JOHANNESBURG (TIP): South Africa brought Floyd-like edge to the word pink as they welcomed a clearly undercooked Indian side to the country with a 141-run hammering. Quinton de Kock, the baby face in baby pink, combined ferocity and cheek in his 135, and assisted by supporting fifties from Hashim Amla, AB de Villiers and JP Duminy, gave India 359 to chase. On a pitch made to look placid by their bowlers, the India batsmen were on a hiding to nothing against a six-man pace attack that was at them from the start, when it took them 16 balls to even touch a Dale Steyn delivery. During that first spell, Steyn caused India more trouble than the visiting bowlers did in the whole South African innings. On their first day of international cricket on this trip, the India bowlers were given the best of conditions: they won the toss, bowled when the pitch was at its freshest, and avoided the dew.


However, with the exception of Mohammed Shami, they didn’t test the batsmen for long enough, and when they did their fielders were off their game. Amla could have been run out on 7, and should have been caught on 8, but was let off by the India openers Shikhar Dhawan and Rohit Sharma. De Kock, too, survived a half chance early in the innings, but that was all impression the bowlers created. Amla started scratchily, he scored just 65 out of the 152-run opening stand, but de Kock looked in fine touch from the start. The third ball he faced was a leg-side half-volley from Bhuvneshwar Kumar, and he tucked into it. The last ball of that over was short and wide, and was cut away for four more. Mohit Sharma at the other end produced a fine fourth over, but he saw a top edge from de Kock fall short of the diving Shami at third man, and Rohit at cover did not come in to take a loopy leading edge from Amla. Two overs earlier Dhawan had missed the stumps from pretty close at mid-on. Amla would rub it in by soon taking 14 off three balls to reach 23 off 29: a punch through cover, a walk across the stumps to play the pick-up over midwicket, and then a cut past point. De Kock needed no such acceleration, and his 27 off 23 had taken South Africa to 53 in nine overs.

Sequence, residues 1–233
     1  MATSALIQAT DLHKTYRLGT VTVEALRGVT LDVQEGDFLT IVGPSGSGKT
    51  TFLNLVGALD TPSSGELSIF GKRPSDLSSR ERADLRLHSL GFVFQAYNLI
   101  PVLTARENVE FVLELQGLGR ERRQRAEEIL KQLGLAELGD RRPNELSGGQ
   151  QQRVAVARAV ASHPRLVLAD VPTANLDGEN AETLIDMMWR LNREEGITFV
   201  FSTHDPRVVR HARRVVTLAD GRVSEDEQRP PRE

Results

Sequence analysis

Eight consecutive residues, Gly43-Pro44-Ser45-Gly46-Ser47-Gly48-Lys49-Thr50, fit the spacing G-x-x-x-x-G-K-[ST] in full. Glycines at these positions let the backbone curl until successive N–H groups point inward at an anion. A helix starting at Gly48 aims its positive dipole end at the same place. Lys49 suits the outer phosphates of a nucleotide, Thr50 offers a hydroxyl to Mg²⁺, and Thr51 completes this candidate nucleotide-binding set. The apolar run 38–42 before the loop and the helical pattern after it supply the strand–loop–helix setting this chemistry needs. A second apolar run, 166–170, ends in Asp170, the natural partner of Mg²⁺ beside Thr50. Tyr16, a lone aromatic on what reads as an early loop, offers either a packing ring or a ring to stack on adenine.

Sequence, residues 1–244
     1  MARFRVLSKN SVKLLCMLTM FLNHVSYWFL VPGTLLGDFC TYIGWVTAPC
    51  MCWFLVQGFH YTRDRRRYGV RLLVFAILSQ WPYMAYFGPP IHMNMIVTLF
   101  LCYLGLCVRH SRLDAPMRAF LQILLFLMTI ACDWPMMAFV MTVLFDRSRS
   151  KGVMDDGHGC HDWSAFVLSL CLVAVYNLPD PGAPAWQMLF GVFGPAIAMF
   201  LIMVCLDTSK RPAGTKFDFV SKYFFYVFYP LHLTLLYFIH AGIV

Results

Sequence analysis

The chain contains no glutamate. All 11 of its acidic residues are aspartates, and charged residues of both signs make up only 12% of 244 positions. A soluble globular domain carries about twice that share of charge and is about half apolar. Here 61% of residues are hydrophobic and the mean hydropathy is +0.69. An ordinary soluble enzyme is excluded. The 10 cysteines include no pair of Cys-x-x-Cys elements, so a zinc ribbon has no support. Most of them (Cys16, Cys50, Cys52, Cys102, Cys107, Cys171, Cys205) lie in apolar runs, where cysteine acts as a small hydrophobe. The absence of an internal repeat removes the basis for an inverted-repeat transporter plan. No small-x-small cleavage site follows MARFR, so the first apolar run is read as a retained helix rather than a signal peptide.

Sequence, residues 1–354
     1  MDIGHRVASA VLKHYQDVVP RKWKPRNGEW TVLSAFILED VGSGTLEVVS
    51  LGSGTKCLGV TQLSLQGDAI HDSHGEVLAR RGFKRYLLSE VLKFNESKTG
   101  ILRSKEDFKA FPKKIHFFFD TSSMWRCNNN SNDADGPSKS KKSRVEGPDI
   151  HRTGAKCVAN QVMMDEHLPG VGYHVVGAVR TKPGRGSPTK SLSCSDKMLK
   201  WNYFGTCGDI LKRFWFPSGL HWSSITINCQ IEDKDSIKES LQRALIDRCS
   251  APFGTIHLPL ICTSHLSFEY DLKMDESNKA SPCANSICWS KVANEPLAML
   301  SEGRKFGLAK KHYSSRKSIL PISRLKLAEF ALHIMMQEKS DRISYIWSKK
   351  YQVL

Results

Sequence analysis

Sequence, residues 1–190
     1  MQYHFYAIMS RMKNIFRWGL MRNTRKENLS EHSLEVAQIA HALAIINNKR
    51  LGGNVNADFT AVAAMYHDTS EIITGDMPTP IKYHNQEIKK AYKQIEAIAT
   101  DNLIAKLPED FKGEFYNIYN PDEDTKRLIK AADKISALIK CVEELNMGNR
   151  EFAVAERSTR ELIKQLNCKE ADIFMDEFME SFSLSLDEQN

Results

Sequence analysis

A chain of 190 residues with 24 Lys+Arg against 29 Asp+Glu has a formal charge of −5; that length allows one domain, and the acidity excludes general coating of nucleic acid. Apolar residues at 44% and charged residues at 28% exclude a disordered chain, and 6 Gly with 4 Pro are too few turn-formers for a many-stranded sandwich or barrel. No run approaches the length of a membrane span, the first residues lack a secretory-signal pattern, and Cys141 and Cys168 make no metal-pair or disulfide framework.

Shami began with a maiden, and it was about the time when Dhoni goes to his spinners for control back in India. At the Wanderers, however, the ball didn’t grip and the pitch didn’t slow down; R Ashwin bowled too short, and Ravindra Jadeja too fast. It was not all milking from the opening pair: they found boundaries in six of the seven overs between Nos. 22 and 28. After 11 overs of spin for 62, MS Dhoni had to go to pace, not least because South Africa had called for an early Powerplay in the 30th over. An offcutter from Shami, and a mistimed chip from Jacques Kallis gave India two wickets in that 32-run Powerplay. During that period de Kock smacked a Mohit slower ball for six, and then took two singles to bring up his century. It was just a sign of things to come. As Dhoni went back to spin in the 36th over, de Kock and AB de Villiers began to push into a higher gear. Without any violence – mainly through chips over mid-off, a late cut and one slog sweep – de Kock went from 101 off 102 to his eventual 135 off 121. When Virat Kohli, who took de Kock’s return catch, gave the batsman a send-off, little did he know the wrath that awaited India. De Villiers and Duminy hit the bowlers around at will.

Most of it was just clearing the front leg, and smacking length balls to all the stands. De Villiers even hooked a six from one knee. This was a statement of intent: we can do what we please. The yorkers were few, the slower balls easily picked and dispatched, and de Villiers and Duminy added 105 in the 7.4 overs they batted together. Between them the two hit nine sixes and eight fours. De Villiers had scored 77 off 47 when he fell, which looked sedate in comparison to Duminy’s unbeaten 59 off 29. An even hundred came off the last six overs. Then it was over to the other wing of the welcome committee. Conditions couldn’t have looked more different. The ball began to seam, swing and bounce. Dhawan looked comfortable during two Lonwabo Tsotsobe overs, but top-edged the first ball from Morne Morkel. Steyn softened Rohit up well and proper, but it was Virat Kohli who fell first to a shortish delivery from Ryan McLaren that seamed away to take the edge. In the next two balls, McLaren delivered the good-old one-two to Yuvraj Singh: a bouncer into the crash helmet followed by a fuller one that took the top of off stump. Suresh Raina came in, didn’t fancy the strike, called Rohit through for a poor run. Rohit should have said no. He now had a lot of time to go over his innings. The contest was finished well before it became 65 for 4 in the 16th over. Even as South Africa bowled their less-menacing bowlers, MS Dhoni’s 65 only delayed the inevitable.

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